President Obama Calls Tornado-Ravaged Joplin, Missouri 'A National Tragedy'

The president will meet with survivors and speak at a memorial service.

By<a href="@stevenportnoy" target="external">STEVEN PORTNOY</a>
May 29, 2011, 12:13 PM

JOPLIN, Mo., May 30, 2011&#151; -- Assuming his role as the nation's pastor today, one week to the day after a tornado tore a gash through the heart of this deeply religious town, President Obama delivered a sermon reflecting on the heroics of those who were killed saving others in the storm.

"It's in these moments, through our actions, that we often see the glimpse of what makes life worth living in the first place," Obama said. "In the face of winds that showed no mercy, no regard for human life ... it was ordinary people, swiftly tested, who said, 'I'm willing to die right now so that someone else might live.'"

In his remarks before some 2,000 Joplin residents on the campus of Missouri Southern State University, the president mentioned two "everyday heroes" -- Dean Wells, a manager at a Home Depot, and Christopher Lucas, a manager at a Pizza Hut.

Both men died saving others: Wells, shepherding people to safety until he was crushed by a collapsing wall, and Lucas, who left the safety of a freezer shielding more than a dozen people to search for a rope to keep the door shut.

"You see, there are heroes all around us, all the time," the president said. "They pass us in the aisle wearing an orange apron. They come to our table at a restaurant and ask us what we'd like to order.

"It's this knowledge -- the knowledge that we are inclined to love one another, that we're inclined to do good, to be good -- that causes us to take heart," Obama said.

Then the president quoted Corinthians:

"You have lived the words of scripture: 'We are troubled on every side, yet not distressed. We are perplexed, but not in despair; persecuted, but not forsaken; cut down, but not destroyed.'"

Stirring the crowd to an ovation, the president pledged that the nation's support would continue to this community, even after the media turns away.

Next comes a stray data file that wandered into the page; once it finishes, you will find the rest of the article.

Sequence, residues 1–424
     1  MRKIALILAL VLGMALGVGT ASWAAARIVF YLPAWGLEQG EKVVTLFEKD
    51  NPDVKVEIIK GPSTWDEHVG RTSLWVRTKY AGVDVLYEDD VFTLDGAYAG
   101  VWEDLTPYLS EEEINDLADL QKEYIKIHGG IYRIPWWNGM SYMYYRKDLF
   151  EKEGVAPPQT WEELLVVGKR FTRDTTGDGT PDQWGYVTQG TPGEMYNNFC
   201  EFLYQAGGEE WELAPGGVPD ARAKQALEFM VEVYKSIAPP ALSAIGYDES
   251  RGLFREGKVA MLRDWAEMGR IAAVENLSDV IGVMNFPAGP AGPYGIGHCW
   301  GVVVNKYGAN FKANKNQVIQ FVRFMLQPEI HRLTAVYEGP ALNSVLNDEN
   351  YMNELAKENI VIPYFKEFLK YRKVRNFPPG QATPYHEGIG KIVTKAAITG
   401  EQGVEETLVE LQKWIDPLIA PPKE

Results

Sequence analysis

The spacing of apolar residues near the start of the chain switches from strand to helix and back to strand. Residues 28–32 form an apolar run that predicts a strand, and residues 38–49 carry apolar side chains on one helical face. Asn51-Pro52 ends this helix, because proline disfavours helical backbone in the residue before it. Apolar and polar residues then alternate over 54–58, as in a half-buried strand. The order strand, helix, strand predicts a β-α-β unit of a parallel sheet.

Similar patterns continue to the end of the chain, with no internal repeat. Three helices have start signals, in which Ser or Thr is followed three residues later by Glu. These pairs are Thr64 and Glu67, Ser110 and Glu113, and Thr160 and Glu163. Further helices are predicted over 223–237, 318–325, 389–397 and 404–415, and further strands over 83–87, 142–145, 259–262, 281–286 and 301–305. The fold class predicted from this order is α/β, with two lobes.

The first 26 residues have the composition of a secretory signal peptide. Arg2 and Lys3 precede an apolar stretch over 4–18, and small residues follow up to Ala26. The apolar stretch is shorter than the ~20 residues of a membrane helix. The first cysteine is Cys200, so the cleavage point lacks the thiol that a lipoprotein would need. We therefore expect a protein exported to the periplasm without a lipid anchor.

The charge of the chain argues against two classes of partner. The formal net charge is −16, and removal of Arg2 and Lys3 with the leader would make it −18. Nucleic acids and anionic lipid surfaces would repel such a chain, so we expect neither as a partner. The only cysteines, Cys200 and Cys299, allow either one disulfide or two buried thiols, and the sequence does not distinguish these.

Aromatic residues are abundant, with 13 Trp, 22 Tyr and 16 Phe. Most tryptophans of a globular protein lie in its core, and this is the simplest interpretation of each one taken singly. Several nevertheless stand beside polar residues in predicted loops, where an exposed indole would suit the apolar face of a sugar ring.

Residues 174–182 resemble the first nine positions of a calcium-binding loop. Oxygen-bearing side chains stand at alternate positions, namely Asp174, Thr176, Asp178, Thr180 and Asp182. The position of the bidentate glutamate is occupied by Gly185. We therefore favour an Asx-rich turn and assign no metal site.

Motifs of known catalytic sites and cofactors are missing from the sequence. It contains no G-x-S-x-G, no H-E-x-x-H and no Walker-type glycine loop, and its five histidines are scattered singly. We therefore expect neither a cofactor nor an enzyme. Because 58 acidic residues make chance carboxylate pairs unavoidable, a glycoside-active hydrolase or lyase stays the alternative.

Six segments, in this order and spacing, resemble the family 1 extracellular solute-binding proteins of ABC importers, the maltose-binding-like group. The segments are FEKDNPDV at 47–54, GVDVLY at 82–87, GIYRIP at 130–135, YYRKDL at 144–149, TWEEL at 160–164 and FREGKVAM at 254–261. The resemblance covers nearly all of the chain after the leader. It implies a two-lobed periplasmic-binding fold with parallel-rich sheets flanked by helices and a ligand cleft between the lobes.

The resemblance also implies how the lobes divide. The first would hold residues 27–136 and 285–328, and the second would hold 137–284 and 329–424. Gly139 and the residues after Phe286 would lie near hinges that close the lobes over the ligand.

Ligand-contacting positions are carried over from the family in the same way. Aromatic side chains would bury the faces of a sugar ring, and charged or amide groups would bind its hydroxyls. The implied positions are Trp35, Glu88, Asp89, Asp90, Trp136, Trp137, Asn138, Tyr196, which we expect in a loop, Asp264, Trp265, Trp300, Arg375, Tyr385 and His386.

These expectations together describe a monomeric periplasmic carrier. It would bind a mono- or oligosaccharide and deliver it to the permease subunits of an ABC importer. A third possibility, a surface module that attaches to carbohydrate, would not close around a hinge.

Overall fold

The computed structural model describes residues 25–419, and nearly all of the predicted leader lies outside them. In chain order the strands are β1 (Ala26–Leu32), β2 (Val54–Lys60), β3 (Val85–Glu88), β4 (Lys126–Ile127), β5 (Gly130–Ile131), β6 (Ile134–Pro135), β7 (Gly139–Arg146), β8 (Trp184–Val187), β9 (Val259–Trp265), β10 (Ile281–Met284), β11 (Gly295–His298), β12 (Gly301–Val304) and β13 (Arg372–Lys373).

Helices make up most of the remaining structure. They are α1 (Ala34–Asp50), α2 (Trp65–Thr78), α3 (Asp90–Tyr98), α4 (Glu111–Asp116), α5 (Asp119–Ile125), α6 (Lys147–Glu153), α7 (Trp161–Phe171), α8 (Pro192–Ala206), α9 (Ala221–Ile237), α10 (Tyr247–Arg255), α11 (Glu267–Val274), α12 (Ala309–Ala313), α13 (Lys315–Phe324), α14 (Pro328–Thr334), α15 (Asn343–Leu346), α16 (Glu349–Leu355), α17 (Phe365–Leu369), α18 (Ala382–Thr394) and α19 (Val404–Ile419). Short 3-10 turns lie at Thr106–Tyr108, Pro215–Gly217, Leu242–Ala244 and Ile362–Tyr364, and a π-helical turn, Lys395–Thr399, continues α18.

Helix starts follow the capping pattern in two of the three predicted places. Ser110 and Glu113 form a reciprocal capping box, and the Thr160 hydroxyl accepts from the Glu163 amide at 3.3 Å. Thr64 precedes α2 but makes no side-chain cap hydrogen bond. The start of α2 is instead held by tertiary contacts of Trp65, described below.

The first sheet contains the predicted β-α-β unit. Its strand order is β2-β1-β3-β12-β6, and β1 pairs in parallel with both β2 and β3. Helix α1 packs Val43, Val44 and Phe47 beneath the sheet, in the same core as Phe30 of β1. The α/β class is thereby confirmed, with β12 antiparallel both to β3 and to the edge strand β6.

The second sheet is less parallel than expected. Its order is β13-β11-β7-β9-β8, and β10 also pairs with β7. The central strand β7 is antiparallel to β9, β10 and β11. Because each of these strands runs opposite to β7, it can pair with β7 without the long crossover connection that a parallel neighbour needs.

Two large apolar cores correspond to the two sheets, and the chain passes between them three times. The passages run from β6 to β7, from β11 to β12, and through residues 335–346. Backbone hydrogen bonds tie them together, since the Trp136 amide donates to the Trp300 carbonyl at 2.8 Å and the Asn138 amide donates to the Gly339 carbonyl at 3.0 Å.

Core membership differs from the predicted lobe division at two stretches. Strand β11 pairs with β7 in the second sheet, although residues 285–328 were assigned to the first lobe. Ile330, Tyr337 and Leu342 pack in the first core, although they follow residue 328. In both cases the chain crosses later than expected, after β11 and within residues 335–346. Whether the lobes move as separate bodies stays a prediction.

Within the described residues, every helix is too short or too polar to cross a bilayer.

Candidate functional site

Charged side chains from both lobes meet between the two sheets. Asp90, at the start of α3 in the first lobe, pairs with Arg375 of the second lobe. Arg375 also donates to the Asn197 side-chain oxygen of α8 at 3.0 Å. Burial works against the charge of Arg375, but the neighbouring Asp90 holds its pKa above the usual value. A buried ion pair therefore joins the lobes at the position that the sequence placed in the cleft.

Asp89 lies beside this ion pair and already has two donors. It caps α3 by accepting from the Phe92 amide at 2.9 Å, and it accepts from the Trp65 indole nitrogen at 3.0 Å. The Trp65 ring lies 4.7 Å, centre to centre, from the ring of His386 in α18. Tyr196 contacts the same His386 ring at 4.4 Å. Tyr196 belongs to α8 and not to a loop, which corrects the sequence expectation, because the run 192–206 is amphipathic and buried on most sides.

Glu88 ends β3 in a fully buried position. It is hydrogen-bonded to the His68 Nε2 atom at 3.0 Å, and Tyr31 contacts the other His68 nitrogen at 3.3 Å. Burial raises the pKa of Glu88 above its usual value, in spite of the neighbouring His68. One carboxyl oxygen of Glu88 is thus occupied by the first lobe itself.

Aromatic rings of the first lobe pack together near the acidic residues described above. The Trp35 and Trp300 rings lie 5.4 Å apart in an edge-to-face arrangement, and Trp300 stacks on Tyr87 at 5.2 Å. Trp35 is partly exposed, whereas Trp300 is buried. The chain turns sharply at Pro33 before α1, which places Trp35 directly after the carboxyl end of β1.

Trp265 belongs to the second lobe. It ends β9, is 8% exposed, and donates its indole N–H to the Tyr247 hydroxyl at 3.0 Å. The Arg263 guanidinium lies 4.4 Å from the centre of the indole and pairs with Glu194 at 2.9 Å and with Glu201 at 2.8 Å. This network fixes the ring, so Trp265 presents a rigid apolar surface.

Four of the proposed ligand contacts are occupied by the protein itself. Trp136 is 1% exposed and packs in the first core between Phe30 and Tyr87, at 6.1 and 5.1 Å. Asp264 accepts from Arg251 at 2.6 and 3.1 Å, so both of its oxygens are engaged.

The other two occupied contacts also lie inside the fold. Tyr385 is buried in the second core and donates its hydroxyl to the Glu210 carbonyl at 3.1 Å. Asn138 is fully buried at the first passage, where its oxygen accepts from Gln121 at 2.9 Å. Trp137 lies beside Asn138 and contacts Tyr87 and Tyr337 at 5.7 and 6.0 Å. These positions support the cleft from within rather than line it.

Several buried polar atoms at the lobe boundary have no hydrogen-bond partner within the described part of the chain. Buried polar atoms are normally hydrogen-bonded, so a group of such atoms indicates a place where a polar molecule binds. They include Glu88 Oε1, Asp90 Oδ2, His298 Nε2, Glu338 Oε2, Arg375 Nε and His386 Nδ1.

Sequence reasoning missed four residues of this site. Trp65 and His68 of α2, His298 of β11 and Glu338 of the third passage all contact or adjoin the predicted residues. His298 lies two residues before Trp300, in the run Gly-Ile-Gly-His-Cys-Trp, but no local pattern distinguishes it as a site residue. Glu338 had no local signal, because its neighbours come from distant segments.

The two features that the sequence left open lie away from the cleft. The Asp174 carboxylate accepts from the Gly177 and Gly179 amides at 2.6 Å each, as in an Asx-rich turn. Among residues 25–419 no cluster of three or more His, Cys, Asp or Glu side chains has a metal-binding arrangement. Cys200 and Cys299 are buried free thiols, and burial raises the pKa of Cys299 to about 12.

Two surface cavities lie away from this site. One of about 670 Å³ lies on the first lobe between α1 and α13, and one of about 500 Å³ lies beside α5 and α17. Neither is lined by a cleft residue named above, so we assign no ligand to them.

"There's no doubt in my mind that Joplin will rebuild," he said. "Your country will be there with you every single step of the way. We're not going anywhere."

Earlier, walking just a handful of devastated blocks typical of the vast wasteland that now makes up so much of this town, Obama said the scene "speaks for itself."

Speaking with locals who stood among the ruins of their homes, the president gave out hugs and handshakes.

"Obviously, it is going to take years to build back," Obama said, as he looked upon the shards that remain of the homes that once stood along Grand and Kentucky avenues.

"This is just not your tragedy," the president said. "This is a national tragedy, and that means there's going to be a national response. We're going to be here long after the cameras leave.

Obama was greeted at the airport by Missouri Gov. Jay Nixon, who gave him a first-hand tour of the incredible destruction he had seen from Air Force One as he flew in to Joplin.

In his shirtsleeves, the president and governor surveyed the damage, both of them shaking hands and exchanging greetings and words of comfort and encouragement with people they met along the way.

The president is making the trip after returning Saturday from a six-day tour of Europe, where he focused on building U.S. relations with world leaders.

As of this afternoon, Missouri officials said 146 sets of remains had been recovered. But they cautioned that is not the death toll, since the tally includes partial remains that, if counted separately, would result in an inflated figure.

As of late today, 87 victims' bodies had been positively identified, with notification given to families by law enforcement. About 40 people were still listed as being "unaccounted-for."

Missouri Department of Public Safety deputy director Andrea Spillars said 50 officers have been working around the clock to notify family members of the status of missing family members with "accuracy and respect, with the hope that healing and mourning can begin."

To avoid mistakes and inaccurate identification Spillars said the identification of victims is being conducted by matching remains with X-rays, dental records and other identifying marks.

With cell service still considered spotty, authorities say they believe many of the missing could be alive, but not in a position to get in touch. However, they caution that many on the list may have been killed in the storm.

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